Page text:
Last week, we kicked off the Frame of Mind series on KERA TV with Mark Birnbaum’s documentary, Swingman. Tune in to KERA TV at 10 tonight. This week, we will be featuring works by three different filmmakers:
- Vincent Valdez: Excerpts for John by Mark and Angela Walley, which follows Vincent Valdez, an artist, as he created a series of works dedicated to his childhood best friend, John Holt Jr.
- Cielo Lindo by Iris Lopez which tells the story of a homeless young girl who uses her imagination to cope with her hunger and harsh reality
- The Romantic Self-Exiles by Morehshin Allahyari which explores the idea of home, space, architecture, and our memories of them.
Morehshin Allahyari was born and raised in Iran and moved to the United States in 2007. She is a new media artist and art activist, who works with 3D animation, digital filmmaking, performance, and much more.
I spoke with Morehshin about her work, The Romantic Self-Exiles:
On the background of The Romantic Self-Exiles:
The Romantic Self-Exiles was my creative research for my M.F.A. art show and thesis. I was really interested in exploring ideas that concern issues of home, space, diaspora, and our relationship as humans to our surroundings; mostly architectural spaces around us and our memories of them.
It came from thinking about the concept of exile and self-exile and trying to address and also question the romanticization of the experience of exile. I think when you live in diaspora, you continue to feel nostalgic about your past, memories, the place once you belonged to or called home. But I also wanted to be aware of this fact.. of this nostalgia and romantic thoughts/feelings that made me forget about other details that in firs place forced me to leave my country. So The Romantic Self-Exiles is both an awareness and exploration of all these feelings.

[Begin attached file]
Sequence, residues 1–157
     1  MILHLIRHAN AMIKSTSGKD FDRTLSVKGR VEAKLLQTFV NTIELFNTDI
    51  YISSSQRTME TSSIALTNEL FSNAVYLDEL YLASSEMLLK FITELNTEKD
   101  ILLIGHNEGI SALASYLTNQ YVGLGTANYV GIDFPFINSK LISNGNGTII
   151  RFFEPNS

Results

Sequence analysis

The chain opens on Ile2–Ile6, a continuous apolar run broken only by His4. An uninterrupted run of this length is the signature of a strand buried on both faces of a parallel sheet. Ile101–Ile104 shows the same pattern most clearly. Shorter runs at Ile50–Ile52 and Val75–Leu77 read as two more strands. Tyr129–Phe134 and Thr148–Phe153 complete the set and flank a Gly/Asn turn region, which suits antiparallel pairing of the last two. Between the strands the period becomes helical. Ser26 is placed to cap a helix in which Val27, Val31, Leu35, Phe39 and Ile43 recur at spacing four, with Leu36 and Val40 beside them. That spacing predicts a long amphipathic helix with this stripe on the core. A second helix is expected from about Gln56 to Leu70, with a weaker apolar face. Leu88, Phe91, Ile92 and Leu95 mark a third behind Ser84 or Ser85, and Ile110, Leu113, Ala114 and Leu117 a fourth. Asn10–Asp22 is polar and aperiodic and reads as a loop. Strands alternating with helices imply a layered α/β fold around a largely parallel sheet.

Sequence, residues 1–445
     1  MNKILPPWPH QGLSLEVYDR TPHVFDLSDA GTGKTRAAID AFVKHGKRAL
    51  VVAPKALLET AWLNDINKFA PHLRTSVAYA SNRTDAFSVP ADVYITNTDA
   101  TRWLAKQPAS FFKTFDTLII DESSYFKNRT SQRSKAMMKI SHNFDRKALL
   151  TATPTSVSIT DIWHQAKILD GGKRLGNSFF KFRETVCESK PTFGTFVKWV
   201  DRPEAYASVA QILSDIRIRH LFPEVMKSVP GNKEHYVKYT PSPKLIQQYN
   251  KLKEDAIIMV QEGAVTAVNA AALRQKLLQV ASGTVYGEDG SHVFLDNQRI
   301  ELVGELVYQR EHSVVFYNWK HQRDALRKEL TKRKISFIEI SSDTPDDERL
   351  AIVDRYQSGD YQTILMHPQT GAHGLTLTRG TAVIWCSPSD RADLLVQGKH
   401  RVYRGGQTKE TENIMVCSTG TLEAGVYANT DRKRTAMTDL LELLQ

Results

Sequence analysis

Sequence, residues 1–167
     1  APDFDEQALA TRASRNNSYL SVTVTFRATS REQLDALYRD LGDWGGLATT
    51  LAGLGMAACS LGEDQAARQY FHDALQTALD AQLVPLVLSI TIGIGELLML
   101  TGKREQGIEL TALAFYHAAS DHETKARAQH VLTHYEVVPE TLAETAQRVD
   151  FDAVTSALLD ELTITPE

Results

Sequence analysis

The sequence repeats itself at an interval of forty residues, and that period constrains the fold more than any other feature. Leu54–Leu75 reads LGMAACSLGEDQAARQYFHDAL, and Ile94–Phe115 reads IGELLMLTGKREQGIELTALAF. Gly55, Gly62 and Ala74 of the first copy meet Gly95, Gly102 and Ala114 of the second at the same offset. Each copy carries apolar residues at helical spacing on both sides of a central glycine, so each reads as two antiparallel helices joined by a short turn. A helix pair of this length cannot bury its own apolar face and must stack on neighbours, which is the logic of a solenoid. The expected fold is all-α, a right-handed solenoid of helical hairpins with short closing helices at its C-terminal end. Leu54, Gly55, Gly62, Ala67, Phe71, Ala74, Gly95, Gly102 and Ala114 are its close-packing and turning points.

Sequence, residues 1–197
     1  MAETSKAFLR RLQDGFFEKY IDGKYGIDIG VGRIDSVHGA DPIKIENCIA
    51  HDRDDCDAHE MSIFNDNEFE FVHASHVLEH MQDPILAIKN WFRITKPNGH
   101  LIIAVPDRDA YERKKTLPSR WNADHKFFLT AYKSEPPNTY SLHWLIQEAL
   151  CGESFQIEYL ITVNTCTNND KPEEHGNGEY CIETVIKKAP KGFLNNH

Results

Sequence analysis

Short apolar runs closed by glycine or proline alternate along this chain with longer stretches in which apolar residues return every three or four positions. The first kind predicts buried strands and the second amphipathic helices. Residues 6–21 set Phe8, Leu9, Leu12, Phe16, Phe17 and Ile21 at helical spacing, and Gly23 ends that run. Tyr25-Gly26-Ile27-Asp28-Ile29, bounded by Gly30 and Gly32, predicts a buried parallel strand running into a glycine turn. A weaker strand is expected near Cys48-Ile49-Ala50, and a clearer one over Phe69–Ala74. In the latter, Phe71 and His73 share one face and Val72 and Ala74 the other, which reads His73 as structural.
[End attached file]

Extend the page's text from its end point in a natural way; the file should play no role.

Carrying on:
On creating the work:
It’s interesting to look back at this piece after two years… when I was working on creating this work, I had no idea what the outcome would be… I was writing and at the same time creating these different 3D scenes. So I constantly went back and forth between writing and working on my animation. I looked for images and focused on places or objects that meant something special to me and then used those in my animation scene. I never have a structure or specific plan on where my work will go or how it will end. I have a general image and feeling in my mind and I let the process of creation to take over. I love leaving room for surprises and allow the process of my work to direct me.
On her biggest challenge:
I think the emotional side of it was what I struggled with the most. It was hard for me to go through all of these feelings and thoughts about diaspora while consciously trying to stay away from dramatizing the situation. I think being aware about that and also sharing and talking about my work with my friends and mentors helped a lot in overcoming this challenge.
On her favorite Texas filmmaker:
Michael A. Morris is my favorite.
On her future projects:
A lot is happening since I have moved to California. I just had an exhibition at Southern Exposure gallery where I created a new work about the 2009-2010 protests in Iran called #AsYouScrollDown. More information here.
I am going to start working on a new series of animation/narrative based works, aesthetically similarly to The Romantic Self-Exiles I, but different concepts/topics. I am really excited to continue to push the limitations and also possibilities of experimental 3D animation and rendering.
Here is a list of upcoming and the most recent shows: http://www.morehshin.com/news/
On KERA broadcasting her work:
I am honored to continue working with Dallas Video Festival. Although I have moved from Dallas, I am really happy that I can stay in touch and continue working with Texas based artists, galleries, festivals, and curators.
You can find Morehshin’s other work on her website.